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Driving Change

Ford's CTO on robotaxis, delivery bots and automotive disruptions

Five takeaways from a chat with the automaker's chief technology officer, Ken Washington.

Adapted from the newsletter Transport Weekly, running Tuesdays. Subscribe here

A coiled-up robot descends from the back of a van, stretches out its legs, rests its two feet on the sidewalk and starts to slowly approach your front door holding a cardboard box. It's either a scene from a horror movie or the latest experiment with delivery bots. 

Last week, automaker Ford announced that it is partnering with Agility Robotics, a startup that makes two-legged robots that can help humans on the battlefield, in disaster zones or across the last mile. Ford is pairing its autonomous vehicle tech with Agility Robotics' bipedal robot "Digit" in a research project that might help inform Ford's planned robotaxi service set to launch in 2021. 

Ford unveiled this fun tech project a couple of days after some more somber news: The company plans to lay off 10 percent of its white-collar, salaried workforce — that means about 7,000 Ford employees will lose their jobs by the summer. Technology is transforming the auto industry even as companies such as Ford attempt to use tech to evolve, compete and survive. 

When you're dealing with a world that's changing, you have to change with it.
To get a better handle on what Ford wants with delivery robots, I jumped on the phone with Ford Chief Technology Officer Ken Washington. He's responsible for overseeing all of Ford's tech development across electrification, autonomous, connected, advanced materials and even additive manufacturing. Here are five takeaways from our chat:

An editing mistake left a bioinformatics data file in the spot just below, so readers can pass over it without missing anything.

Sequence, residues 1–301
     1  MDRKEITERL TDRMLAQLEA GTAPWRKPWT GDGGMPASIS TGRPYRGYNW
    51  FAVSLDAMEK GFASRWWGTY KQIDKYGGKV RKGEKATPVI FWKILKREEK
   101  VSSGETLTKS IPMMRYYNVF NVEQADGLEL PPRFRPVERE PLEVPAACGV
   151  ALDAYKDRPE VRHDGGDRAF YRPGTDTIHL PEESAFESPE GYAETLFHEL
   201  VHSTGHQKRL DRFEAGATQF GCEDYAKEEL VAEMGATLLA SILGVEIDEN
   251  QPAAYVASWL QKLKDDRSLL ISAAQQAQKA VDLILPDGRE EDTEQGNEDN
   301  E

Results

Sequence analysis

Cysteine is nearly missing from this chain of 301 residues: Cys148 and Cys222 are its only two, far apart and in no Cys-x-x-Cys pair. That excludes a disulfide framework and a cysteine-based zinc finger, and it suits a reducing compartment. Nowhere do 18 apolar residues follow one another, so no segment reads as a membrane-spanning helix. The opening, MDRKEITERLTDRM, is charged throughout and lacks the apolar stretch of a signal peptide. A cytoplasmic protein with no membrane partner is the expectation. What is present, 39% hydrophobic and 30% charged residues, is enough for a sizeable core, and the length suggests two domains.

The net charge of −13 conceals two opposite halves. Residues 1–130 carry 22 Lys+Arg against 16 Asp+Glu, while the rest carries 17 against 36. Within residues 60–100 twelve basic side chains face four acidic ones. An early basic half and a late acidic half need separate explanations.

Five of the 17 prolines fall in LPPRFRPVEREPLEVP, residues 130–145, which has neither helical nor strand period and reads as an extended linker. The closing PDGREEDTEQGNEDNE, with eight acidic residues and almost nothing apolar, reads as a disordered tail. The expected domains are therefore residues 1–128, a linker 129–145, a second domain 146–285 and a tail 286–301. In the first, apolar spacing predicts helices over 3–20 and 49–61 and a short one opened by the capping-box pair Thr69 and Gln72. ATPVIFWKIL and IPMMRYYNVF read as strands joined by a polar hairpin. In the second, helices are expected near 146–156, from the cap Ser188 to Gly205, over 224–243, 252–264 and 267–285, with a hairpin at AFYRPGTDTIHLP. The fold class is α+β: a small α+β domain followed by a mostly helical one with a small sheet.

• Data: A big part of what Ford is developing in relation to Digit is how Ford's self-driving vehicle tech will share data with it. Ford's autonomous vehicle has sensors on it, and when Digit wakes up on the scene of a pickup or delivery, the robot already has received data about the environment from the vehicle. That enables the robot to have an "informed view," Washington said.
  • Delivery: Ford sees autonomous vehicles as a way to open up new business models, and Washington said Ford wants to help solve "the last 50-foot problem." In a couple of years the company plans to launch a robotaxi business and in theory, this last-mile tech one day might be deployed through that program. But Washington said it's still too early to declare if bipedal robots will be part of Ford's go-to-market robotaxi strategy.
  • Disruption: I asked him how challenging it is to prioritize tech R&D while the company is planning layoffs. Washington said: "This is part of the reality of a business that’s being disrupted and changed by the promise and potential of new technology." And: "When you're dealing with a world that's changing, you have to change with it."
  • Digit: Why does a robot need legs? Ford has explored rolling robots but "a lot of things could be in between the curb and the door," such as a soccer ball or a trash can, Washington said. The program's promo video shows the robot stepping around an errant scooter tossed on the sidewalk.
  • Disturbing (aka the creepy robot issue): The promo video also shows Digit walking past a mom and daughter duo who smile and barely bat an eyelash at the headless machine that strolls by. In reality, a passerby might do any number of things upon encountering a walking delivery bot, such as laugh uncomfortably or try to kick it over. Washington said that the design of the robot is very important. Ford liked what Agility Robotics has done around making Digit look sort of like a human but not too much like a human. "It's clearly a robot and not a scary robot," Washington said.

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